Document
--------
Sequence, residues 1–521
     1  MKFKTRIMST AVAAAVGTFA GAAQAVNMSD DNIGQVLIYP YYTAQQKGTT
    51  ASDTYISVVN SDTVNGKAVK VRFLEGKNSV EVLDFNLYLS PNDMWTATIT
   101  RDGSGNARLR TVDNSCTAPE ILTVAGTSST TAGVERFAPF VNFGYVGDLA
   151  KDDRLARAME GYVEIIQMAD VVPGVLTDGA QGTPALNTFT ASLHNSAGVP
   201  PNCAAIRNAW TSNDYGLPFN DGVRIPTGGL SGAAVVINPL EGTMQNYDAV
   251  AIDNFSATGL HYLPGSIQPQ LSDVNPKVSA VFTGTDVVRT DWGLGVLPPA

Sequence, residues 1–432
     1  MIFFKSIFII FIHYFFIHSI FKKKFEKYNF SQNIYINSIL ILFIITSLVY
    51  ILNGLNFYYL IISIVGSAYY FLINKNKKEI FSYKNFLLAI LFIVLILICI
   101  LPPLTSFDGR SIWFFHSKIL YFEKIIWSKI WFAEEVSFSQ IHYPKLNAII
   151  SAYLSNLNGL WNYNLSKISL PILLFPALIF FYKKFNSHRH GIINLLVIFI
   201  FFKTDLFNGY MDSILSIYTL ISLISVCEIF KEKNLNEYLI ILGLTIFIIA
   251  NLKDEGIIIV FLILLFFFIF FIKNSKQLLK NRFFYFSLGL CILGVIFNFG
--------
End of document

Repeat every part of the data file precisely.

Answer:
Sequence, residues 1–521
     1  MKFKTRIMST AVAAAVGTFA GAAQAVNMSD DNIGQVLIYP YYTAQQKGTT
    51  ASDTYISVVN SDTVNGKAVK VRFLEGKNSV EVLDFNLYLS PNDMWTATIT
   101  RDGSGNARLR TVDNSCTAPE ILTVAGTSST TAGVERFAPF VNFGYVGDLA
   151  KDDRLARAME GYVEIIQMAD VVPGVLTDGA QGTPALNTFT ASLHNSAGVP
   201  PNCAAIRNAW TSNDYGLPFN DGVRIPTGGL SGAAVVINPL EGTMQNYDAV
   251  AIDNFSATGL HYLPGSIQPQ LSDVNPKVSA VFTGTDVVRT DWGLGVLPPA

Sequence, residues 1–432
     1  MIFFKSIFII FIHYFFIHSI FKKKFEKYNF SQNIYINSIL ILFIITSLVY
    51  ILNGLNFYYL IISIVGSAYY FLINKNKKEI FSYKNFLLAI LFIVLILICI
   101  LPPLTSFDGR SIWFFHSKIL YFEKIIWSKI WFAEEVSFSQ IHYPKLNAII
   151  SAYLSNLNGL WNYNLSKISL PILLFPALIF FYKKFNSHRH GIINLLVIFI
   201  FFKTDLFNGY MDSILSIYTL ISLISVCEIF KEKNLNEYLI ILGLTIFIIA
   251  NLKDEGIIIV FLILLFFFIF FIKNSKQLLK NRFFYFSLGL CILGVIFNFG